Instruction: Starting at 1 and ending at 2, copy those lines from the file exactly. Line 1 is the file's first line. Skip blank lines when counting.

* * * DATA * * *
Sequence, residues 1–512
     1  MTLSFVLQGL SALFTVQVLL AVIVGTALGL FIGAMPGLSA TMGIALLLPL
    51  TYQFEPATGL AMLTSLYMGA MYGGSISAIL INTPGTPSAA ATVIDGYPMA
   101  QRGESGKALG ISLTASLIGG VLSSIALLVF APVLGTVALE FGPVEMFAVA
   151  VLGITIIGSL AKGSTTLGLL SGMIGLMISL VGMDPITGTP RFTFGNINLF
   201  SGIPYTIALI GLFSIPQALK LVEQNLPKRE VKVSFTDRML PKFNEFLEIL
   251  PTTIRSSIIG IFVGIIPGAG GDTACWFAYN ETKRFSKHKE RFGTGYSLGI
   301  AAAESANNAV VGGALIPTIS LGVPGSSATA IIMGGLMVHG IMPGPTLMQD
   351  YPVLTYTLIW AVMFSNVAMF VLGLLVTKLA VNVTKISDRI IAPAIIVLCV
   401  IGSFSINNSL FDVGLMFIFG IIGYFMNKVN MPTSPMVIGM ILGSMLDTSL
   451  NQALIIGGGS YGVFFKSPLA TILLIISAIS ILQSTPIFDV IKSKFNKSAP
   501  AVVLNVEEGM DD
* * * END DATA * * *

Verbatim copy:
Sequence, residues 1–512
     1  MTLSFVLQGL SALFTVQVLL AVIVGTALGL FIGAMPGLSA TMGIALLLPL